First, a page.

Most people know that I do not enjoy reading “tearjerkers.” I avoid romance novels (and math books) for this very reason. Emotionally manipulative books should die a slow death on dusty shelves next to used tissues. When I saw the cover of this book, I rolled my eyes and thought “Oh there’s another one of those.” But it wasn’t one of “those.” Look beyond the cover. This book has teeth.
Forgiven by Terri Roberts did make me cry. On almost every page. However, I was not crying from manipulation, I was crying because of the beauty that grew from this tragedy. The author of Forgiven is the mother of a man who shot little girls in an Amish school house. She leads the reader through a storm of horror, loss, and forgiveness. The Amish community effected by Charlie Roberts chose to forgive. Of course, it was a difficult choice to make. To most of us it was a surprise. This community did not just say, “Okay, I forgive you” and walk away. They protected and provided for the killer’s family. This absolution healed Pennsylvania families and carried an incredible message to other victims of violence around the world. That is real forgiveness. We all need a lesson in what real forgiveness is and the healing power that it brings.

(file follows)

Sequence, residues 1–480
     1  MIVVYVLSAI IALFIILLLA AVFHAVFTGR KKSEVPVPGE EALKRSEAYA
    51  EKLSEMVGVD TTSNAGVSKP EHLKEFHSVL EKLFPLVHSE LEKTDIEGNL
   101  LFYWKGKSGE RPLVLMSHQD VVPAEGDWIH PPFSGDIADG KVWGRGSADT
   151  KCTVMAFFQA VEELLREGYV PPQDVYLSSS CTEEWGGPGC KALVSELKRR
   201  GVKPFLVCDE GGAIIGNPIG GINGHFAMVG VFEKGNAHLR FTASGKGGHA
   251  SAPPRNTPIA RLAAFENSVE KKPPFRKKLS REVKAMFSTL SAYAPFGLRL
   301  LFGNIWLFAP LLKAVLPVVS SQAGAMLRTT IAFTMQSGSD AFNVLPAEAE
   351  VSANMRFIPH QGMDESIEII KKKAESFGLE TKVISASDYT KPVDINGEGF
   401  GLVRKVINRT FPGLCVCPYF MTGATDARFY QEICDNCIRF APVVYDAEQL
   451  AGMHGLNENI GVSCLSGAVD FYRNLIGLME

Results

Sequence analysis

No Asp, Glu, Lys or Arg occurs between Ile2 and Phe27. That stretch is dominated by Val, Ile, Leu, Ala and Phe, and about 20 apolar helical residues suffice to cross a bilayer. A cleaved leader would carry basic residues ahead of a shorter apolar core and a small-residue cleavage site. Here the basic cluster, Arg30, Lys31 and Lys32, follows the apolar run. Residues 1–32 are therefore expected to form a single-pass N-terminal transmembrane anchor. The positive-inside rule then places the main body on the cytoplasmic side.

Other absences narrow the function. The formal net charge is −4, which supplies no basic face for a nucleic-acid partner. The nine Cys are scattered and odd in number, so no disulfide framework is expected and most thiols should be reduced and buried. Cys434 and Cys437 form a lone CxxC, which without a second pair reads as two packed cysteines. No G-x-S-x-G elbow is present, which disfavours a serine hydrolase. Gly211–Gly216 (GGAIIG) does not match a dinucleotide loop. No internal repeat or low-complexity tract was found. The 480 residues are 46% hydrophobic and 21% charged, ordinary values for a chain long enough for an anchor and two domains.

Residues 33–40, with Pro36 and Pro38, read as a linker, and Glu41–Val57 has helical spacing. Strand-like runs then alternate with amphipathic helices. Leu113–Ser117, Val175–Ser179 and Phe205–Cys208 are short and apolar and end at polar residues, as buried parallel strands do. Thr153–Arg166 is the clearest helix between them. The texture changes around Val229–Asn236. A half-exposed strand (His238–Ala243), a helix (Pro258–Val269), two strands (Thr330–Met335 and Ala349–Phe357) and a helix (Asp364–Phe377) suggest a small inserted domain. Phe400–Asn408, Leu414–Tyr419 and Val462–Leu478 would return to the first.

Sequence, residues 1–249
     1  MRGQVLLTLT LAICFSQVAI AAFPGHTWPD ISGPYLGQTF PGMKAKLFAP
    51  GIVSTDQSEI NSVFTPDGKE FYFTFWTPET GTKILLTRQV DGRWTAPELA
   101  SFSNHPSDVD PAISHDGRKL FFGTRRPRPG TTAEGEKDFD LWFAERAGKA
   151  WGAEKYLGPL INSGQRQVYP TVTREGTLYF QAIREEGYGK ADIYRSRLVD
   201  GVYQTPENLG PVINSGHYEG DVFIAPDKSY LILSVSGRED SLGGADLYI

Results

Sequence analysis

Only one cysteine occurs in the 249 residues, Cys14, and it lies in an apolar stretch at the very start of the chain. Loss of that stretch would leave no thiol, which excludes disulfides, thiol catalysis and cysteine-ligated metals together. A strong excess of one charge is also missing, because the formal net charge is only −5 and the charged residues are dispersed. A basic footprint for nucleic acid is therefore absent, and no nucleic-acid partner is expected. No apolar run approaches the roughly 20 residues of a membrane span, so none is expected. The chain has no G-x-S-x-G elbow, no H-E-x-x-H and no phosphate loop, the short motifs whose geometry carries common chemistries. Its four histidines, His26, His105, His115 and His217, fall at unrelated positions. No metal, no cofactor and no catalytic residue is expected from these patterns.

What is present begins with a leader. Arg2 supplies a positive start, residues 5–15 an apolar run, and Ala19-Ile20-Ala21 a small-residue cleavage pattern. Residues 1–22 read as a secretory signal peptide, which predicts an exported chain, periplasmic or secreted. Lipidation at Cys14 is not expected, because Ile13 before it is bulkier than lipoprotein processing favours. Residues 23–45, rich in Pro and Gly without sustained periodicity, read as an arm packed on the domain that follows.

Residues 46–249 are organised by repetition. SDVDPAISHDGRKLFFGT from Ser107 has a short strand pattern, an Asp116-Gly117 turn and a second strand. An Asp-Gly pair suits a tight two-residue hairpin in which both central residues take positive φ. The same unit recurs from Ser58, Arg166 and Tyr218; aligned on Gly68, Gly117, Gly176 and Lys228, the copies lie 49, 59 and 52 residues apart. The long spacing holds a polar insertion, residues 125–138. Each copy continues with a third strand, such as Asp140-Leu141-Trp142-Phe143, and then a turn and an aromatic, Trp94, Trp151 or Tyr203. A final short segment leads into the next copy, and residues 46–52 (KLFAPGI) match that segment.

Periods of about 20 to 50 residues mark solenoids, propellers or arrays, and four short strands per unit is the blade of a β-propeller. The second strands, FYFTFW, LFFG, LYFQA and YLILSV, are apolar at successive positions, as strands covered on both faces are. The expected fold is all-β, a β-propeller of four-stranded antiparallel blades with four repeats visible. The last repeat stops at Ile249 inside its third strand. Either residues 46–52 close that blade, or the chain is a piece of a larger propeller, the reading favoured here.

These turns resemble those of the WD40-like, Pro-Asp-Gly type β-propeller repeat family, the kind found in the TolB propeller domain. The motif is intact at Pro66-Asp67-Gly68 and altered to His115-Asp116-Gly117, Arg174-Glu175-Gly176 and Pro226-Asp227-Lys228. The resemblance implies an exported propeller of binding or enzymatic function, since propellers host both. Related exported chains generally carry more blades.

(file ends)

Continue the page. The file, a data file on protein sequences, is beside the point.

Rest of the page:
I received this book from Bethany House Publishers in exchange for a review.
Possible- A Blueprint for Changing How we Change the World by Stephan Bauman was a pleasant surprise. It is arranged into 3 sections: Recovering our Call, Reframing the Problem, and Remaking the World. The first section’s purpose is to motivate the reader to a renewed desire to be involved on a personal level. The author is effective in making the reader feel the urgency of using our talents NOW without waiting for a specific overture of mission. This first section was necessary but could have been shortened without sacrificing effect.
Parts 2 and 3 were far more interesting. Bauman uses a figurative tree to illustrate the relationship of our values, beliefs, behavior, and results. The reader can practice this exercise on a personal level and then expand its use to a community level.
The author has plenty of experience in his mission to make a difference in the world. He is president and CEO of World Relief. Bauman wants us to stop seeing the poor as victims. We need to see them as people who have the potential to be heroes in the same causes that concern us. It is time to stop the “unhelpful assumptions, hidden paternalism, and subtle arrogance” that plague us. We must work together with those we see as victims in order to make any real change in violent cultures.
It was refreshing to read a book focused on justice that motivates the reader as well as provides step by step help in creating change. Yes, it is POSSIBLE to change the world.
A copy of this book was provided to me for free in exchange for a review.